Apart from general factors such as the speed of motorised vehicles, the weight and design of motor vehicles and the lack of protection of pedestrians and cyclists (see No speed, no mass and lack of protection), factors that have also been identified as causes of pedestrian and cyclist crashes are visibility, vehicle control, and alcohol consumption.
Lack of visibility is a factor in cyclist crashes. The fact that vulnerable road users are not always very well detected in the traffic plays a part, even in daytime. This is aggravated at dusk, dawn, and night, especially when public lighting is absent or weak. The most serious problem for cyclists seems to be detection of them by drivers approaching alongside or from behind. The limited physical visibility of cyclists (linked to their vehicle - car drivers are seeking for vehicles as big as theirs) is reinforced, at least in countries when cycling is not very common, by their lack of ‘social visibility’: car drivers do not see cyclists because they do not expect to see any .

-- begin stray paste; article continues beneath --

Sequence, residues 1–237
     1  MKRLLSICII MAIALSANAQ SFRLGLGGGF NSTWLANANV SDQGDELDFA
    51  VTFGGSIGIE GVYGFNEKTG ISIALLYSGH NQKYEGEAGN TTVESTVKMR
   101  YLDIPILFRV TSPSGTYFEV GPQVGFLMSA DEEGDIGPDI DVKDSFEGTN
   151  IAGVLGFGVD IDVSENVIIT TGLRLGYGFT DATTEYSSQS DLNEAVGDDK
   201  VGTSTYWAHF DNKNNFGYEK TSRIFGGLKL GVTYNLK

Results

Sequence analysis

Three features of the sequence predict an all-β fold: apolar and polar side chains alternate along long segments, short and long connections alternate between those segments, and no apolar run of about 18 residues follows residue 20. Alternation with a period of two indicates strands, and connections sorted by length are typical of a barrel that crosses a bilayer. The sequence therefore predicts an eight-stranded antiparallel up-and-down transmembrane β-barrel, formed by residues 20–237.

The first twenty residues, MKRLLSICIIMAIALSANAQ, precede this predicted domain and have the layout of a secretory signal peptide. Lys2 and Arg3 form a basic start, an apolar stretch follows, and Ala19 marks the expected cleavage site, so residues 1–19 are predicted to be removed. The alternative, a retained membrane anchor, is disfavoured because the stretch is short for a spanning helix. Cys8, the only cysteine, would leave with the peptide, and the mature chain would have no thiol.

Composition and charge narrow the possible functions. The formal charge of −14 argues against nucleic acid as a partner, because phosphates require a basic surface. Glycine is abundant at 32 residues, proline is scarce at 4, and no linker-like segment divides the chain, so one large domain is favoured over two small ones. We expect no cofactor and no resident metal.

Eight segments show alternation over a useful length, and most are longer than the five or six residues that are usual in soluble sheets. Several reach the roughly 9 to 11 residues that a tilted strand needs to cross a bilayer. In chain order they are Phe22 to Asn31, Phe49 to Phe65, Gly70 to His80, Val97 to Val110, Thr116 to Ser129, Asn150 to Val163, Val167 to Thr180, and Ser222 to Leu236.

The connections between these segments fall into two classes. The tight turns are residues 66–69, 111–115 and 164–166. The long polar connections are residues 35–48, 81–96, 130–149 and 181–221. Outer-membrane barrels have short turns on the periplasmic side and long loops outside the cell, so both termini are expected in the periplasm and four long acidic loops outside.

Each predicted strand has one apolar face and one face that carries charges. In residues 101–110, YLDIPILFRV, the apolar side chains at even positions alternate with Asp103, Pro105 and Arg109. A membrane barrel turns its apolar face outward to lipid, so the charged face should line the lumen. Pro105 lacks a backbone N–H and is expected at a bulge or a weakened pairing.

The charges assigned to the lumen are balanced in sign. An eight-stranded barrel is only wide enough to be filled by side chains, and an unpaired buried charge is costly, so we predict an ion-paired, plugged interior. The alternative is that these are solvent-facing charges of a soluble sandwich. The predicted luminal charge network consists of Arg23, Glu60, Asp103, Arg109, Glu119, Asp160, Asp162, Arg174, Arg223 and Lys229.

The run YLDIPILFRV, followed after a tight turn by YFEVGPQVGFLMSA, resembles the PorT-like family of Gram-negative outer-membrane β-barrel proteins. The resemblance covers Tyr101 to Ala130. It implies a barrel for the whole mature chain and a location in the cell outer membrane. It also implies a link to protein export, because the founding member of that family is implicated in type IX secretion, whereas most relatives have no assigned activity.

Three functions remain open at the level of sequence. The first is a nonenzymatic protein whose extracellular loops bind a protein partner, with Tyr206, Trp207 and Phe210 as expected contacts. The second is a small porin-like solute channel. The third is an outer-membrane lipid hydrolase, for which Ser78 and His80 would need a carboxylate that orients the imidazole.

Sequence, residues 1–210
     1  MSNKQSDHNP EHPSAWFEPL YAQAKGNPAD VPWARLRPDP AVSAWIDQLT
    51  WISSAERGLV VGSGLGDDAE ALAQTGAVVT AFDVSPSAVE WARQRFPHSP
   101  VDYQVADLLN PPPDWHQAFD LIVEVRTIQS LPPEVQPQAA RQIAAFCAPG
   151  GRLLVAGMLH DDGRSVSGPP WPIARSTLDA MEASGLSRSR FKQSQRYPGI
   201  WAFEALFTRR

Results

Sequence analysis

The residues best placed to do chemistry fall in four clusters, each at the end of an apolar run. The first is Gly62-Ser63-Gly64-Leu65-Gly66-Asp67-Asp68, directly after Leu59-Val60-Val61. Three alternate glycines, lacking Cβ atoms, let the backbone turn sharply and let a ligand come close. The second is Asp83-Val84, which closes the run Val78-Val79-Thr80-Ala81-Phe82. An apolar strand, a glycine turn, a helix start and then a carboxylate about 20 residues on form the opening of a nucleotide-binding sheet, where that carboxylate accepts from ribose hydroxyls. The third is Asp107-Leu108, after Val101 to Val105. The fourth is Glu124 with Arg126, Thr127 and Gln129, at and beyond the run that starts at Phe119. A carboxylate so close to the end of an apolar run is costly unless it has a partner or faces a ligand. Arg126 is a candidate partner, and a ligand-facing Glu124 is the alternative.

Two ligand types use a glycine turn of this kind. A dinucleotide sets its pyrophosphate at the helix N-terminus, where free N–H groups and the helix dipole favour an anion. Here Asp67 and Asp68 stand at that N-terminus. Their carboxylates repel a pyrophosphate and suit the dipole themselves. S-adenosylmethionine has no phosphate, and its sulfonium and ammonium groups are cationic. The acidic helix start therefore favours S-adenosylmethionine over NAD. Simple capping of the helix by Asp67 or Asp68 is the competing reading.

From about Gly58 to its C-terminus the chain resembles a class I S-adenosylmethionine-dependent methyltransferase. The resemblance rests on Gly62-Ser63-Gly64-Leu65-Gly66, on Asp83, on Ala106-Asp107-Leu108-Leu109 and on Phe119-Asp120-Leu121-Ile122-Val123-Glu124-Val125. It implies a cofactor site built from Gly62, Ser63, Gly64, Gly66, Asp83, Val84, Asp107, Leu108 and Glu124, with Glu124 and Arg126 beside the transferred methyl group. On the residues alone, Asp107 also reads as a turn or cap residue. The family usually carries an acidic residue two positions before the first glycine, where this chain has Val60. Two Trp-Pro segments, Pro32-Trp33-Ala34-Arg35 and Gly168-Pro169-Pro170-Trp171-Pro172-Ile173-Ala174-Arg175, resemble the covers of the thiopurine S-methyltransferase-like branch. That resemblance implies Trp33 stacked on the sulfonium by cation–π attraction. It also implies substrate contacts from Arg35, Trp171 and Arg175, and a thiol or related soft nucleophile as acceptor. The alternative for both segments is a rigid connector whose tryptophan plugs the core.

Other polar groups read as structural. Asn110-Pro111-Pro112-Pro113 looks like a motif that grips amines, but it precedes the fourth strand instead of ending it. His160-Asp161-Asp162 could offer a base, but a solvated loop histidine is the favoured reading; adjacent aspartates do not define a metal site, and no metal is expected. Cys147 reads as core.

The influence of technical defects of the bicycle, the quality of the road surface, and the presence of protective devices (such as cycle seats and wheel spoke covers) has been analysed in the Netherlands. A technical cycle defect was cited as the principal cause of the crash by 7% of cyclists aged twelve years and older. In most cases, the condition of the brakes was poor .
Several studies have indicated that alcohol consumption is a relevant factor in crash causation. Data from Clayton & Colgan  suggests that two thirds of pedestrians killed between 2200 and 0800 hours in one area had been drinking, and one third had BAC levels above 150 mg/100ml; it is concluded that risk increases significantly above this BAC level. In a Dutch study in Groningen (a Northern province) dealing with the period 1993-1997, some 5-10% of pedestrians had A&E treatment in the hospital related to alcohol consumption .